Where the goals are scored

From the week starting the 25th January there were a total of 20 Premier League games played. In those 20 games a total of 50 goals were scored, from a variety of positions and angles.

What we’ve decided to look at is how those goals were scored. Were they after dribbles, or were more scored from crossing? If we look at where, and how, the goals were scored it can help you get an idea of the best positions to be in, and the most important aspects for you to focus on in order to help you, or your team, score more goals.

During the week there were some absolutely fantastic goals, great counter attacks and some stunning finishes. My personal favourite has to be Mo Salah’s second goal against West Ham on Sunday, with a super first touch setting himself up for a flick with the outside of the boot past the West Ham goalkeeper.

Mo Salah, two great goals for Liverpool this weekend

Technically, the level of finishing in the Premier League is outstanding, but we can all learn from each goal and we’ll soon see where most goals come from.

We’ve broken down the goals into six different areas: goals scored first time inside and outside the box. We’ve then got goals scored with two touches inside and outside the area. Then, finally, we have goals scored with three or more touches inside and outside of the area as well.

In total there were 50 goals in 20 games, some screamers, and some fantastic team goals.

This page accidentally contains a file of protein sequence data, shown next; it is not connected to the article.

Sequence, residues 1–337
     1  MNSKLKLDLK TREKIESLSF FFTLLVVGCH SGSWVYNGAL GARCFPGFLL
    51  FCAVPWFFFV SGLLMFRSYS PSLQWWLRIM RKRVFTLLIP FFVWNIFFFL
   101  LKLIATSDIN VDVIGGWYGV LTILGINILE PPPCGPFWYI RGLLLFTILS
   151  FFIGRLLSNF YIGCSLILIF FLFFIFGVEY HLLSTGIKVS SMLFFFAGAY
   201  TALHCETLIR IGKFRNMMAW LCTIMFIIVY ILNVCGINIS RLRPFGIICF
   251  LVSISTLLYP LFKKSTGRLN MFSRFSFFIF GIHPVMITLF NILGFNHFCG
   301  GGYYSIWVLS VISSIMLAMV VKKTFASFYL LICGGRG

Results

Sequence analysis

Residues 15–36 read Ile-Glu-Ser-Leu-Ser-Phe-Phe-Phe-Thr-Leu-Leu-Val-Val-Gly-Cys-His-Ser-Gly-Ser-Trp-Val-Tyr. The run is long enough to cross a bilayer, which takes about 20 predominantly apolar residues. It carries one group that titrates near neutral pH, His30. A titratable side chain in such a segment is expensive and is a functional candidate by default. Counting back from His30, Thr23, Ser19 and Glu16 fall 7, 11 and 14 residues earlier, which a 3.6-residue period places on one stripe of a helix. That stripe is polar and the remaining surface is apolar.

Of the 50 goals there was only one that was scored first time from outside the box: Pierre-Emile Hojberg’s fantastic driven strike from outside the area against Liverpool being the only first time shot from distance hitting the back of the net.

In total just 8 goals were scored from outside the box, which is a little lower than I was expecting, with 5 from outside the box scored with two touches and 2 goals with 3 or more touches.

So it is clear to see that the majority of goals were scored inside the box, but how?

Only 7 of these goals were scored with 3 touches or more inside the area, which is understandable as it is congested in the area and there is little time to get your shot away. Take too many touches and there’s a high chance the shot will get blocked.

Two touches inside the box were the next highest amount of goals scored with 9 coming from players controlling the ball and finishing. However, the first time finish in the box, by far and away, is the most common type of goal scored.

Typically goals from corners, or free kicks, delivered into the area, will be first time, but many of the goals this week came from cut backs, low crosses that allow the players to run onto the ball and finish assertively. It was noticeable how many positive passes were played forward to the overlapping full back, allowing the ball to get cut back and finish. In my opinion though, these goals are some of the hardest to score. To cushion and control a first time finish is very difficult and we can see this quite often. There’s many a time where the ball may get scuffed, or skewed wide, even though these players are at the top level.